BMX is coming….

….to the 2008 Summer Olympics games. Woo hoo!

’bout fucking time!

Shit! BMX was around before snowboarding and that got in like 10 years ago. Not that I’ve got anything against snowboarding. I just can’t do it. I did some skateboarding in my time, though. Totally goofy footing it.

Anyhoo… Bicycling mag has a cool article  about it.

And apparently the track they’ll be riding is pretty wicked.

According to the Bicycling mag article:

When the start gate drops in Beijing on August 20th, the eight riders who survived the qualifying rounds will plunge down a starting ramp about 25 feet high, about the same as dropping off a third-floor balcony. They’ll hit the bottom at close to 40 mph, then rocket off a double jump and into Olympic history.

And:

BMX is the first action sport to make the Summer Games, where big air has historically meant pole–vaulting and platform diving. Ten years after snowboarding rejuvenated the Winter Games, BMX is poised to do the same to the older and more tradition-bound Summer Olympics, which sometimes seems popular mainly among shut-ins and 12-year-old -aspiring -gymnasts. “Instead of watching people run around the track in a circle,” says Bubba Harris, the 2005 BMX world champion, “they’re gonna see us bomb down a 40-foot hill, go off a jump, hit each other in midair and crash.”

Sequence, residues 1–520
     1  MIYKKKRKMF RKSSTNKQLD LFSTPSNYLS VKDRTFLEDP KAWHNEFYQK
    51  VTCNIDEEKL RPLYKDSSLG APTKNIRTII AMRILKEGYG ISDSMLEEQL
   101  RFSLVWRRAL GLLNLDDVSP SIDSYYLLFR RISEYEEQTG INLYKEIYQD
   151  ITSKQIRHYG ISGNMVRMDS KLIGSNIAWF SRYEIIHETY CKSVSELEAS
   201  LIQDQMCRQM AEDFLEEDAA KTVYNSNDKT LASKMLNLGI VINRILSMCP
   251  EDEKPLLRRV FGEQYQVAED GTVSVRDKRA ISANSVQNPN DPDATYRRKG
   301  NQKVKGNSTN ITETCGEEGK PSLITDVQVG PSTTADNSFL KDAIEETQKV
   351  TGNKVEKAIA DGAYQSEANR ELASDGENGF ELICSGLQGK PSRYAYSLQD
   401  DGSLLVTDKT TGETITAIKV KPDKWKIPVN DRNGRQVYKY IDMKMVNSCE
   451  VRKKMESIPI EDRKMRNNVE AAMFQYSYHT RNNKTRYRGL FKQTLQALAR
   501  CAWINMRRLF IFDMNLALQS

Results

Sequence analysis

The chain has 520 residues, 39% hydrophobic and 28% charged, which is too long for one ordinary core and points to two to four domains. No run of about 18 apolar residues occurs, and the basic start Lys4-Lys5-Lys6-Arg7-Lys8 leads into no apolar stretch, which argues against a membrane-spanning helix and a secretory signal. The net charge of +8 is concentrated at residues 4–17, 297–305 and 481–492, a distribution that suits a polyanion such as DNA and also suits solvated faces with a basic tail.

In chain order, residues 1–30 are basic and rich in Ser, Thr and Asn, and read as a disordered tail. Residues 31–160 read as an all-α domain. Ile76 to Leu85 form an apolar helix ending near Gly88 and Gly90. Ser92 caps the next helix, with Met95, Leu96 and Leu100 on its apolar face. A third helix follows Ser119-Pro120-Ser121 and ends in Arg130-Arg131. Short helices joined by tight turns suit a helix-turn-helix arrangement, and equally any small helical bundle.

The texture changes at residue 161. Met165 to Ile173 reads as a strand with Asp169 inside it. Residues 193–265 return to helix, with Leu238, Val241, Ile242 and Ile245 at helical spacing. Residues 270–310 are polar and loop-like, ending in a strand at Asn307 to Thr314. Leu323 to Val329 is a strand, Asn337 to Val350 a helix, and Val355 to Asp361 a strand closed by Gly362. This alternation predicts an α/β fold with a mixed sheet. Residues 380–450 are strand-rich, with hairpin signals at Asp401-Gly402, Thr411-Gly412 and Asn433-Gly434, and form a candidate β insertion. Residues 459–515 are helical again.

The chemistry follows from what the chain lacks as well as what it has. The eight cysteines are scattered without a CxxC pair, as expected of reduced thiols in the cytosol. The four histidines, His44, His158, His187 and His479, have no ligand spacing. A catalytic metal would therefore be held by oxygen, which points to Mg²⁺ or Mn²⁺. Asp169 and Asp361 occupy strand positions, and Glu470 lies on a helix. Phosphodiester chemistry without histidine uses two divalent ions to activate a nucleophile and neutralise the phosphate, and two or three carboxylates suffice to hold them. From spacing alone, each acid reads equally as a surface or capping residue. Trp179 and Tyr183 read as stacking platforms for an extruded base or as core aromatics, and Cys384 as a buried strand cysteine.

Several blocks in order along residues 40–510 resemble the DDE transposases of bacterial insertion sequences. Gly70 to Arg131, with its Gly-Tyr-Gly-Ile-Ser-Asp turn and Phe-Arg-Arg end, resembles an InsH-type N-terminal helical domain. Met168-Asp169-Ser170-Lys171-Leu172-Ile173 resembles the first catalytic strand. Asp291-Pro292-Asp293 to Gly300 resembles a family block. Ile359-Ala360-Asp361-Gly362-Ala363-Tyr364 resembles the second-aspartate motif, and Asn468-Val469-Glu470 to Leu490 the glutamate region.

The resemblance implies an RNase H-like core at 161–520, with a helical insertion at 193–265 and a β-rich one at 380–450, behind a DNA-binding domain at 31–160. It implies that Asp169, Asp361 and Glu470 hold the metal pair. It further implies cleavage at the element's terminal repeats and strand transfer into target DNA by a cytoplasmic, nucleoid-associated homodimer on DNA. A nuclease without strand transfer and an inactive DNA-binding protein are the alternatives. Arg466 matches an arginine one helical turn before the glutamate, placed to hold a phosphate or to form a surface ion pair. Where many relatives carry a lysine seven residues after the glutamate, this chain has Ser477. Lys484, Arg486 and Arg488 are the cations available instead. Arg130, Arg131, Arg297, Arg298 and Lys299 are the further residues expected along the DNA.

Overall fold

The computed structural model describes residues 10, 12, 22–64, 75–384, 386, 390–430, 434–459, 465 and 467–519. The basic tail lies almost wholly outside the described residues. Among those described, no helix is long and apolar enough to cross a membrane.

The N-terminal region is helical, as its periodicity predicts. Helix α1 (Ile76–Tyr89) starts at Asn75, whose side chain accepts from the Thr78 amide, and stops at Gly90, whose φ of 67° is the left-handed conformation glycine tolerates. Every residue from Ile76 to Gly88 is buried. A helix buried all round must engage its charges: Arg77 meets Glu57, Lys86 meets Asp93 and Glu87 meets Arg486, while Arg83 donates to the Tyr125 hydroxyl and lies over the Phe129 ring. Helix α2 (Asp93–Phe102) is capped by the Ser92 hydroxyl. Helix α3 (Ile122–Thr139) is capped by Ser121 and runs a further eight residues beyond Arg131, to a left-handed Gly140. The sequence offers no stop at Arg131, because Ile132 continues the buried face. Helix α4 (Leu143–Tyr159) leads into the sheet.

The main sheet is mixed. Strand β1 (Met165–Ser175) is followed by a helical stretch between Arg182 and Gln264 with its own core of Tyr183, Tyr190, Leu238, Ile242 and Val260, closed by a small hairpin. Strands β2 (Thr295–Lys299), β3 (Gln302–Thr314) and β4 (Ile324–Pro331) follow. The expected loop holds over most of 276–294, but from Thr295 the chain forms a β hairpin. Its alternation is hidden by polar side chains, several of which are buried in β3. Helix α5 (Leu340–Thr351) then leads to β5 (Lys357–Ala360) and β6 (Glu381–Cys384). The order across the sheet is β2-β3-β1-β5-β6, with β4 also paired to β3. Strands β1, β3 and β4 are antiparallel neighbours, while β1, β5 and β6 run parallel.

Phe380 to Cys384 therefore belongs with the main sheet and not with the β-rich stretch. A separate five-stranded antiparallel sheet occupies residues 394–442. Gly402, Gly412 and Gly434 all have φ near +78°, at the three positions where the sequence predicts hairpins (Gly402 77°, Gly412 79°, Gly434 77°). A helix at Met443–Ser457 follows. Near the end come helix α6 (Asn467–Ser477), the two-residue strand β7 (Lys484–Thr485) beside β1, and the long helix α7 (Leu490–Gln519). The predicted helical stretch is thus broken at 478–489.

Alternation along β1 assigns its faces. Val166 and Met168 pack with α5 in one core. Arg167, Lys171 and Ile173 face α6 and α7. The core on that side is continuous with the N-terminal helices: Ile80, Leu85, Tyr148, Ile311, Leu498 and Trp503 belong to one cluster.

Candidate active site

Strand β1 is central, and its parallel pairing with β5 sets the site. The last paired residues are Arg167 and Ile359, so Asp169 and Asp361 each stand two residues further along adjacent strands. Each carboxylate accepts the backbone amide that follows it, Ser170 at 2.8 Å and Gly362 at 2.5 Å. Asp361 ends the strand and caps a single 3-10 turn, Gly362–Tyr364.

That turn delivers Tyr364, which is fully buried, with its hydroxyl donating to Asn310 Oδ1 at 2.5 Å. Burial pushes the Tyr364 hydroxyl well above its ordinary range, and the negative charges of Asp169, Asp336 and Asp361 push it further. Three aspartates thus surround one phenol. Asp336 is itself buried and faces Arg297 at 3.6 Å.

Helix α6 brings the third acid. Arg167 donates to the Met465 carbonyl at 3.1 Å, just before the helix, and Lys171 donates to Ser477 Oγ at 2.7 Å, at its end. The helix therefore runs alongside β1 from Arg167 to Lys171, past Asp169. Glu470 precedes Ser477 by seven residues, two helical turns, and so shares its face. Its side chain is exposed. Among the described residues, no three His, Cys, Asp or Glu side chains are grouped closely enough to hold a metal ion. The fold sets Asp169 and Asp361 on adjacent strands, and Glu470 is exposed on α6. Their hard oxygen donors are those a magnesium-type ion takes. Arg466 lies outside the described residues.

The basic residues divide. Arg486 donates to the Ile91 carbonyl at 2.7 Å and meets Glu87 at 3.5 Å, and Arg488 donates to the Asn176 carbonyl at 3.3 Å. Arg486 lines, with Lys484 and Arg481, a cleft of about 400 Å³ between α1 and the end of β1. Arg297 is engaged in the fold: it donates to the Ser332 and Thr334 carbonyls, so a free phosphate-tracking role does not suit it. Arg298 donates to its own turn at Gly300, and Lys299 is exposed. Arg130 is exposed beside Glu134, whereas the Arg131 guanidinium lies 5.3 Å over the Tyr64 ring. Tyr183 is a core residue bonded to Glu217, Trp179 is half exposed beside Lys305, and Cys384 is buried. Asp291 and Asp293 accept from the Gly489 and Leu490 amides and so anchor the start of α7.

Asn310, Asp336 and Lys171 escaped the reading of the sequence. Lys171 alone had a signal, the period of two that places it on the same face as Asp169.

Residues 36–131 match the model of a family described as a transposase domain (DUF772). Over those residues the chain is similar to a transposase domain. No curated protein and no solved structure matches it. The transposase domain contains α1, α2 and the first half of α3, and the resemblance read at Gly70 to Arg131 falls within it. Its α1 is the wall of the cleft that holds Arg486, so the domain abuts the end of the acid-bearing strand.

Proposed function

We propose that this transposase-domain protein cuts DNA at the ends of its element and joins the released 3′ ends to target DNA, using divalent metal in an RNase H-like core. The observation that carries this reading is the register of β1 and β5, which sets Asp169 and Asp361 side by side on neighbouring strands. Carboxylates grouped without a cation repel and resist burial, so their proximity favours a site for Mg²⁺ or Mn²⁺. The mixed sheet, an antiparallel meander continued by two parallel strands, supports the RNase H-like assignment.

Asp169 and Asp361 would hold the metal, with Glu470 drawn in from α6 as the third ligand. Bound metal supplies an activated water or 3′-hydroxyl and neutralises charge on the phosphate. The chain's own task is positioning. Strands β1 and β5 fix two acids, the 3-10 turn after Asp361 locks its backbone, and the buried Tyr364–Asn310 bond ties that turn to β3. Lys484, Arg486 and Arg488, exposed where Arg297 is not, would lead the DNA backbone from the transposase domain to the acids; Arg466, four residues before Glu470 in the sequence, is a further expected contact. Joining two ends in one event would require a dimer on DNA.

Here’s some trials footage:

Here’s the schedule of events from ESPN.

BMX Schedule
Date/Time Event
Aug 19 9:00 PM ET BMX – Men’s BMX – Seeding phase run 2
Aug 19 9:45 PM ET BMX – Women’s BMX – Seeding run 1
Aug 19 11:00 PM ET BMX – Women’s BMX – Seeding run 2
Aug 19 11:40 PM ET BMX – Men’s BMX – Quarterfinal 1
Aug 20 12:05 AM ET BMX – Men’s BMX – Quarterfinal 2
Aug 20 12:32 AM ET BMX – Men’s BMX – Quarterfinal 3
Aug 20 9:00 PM ET BMX – Women’s BMX – Semifinal 1
Aug 20 9:08 PM ET BMX – Men’s BMX – Semifinal 1
Aug 20 9:30 PM ET BMX – Women’s BMX – Semifinal 2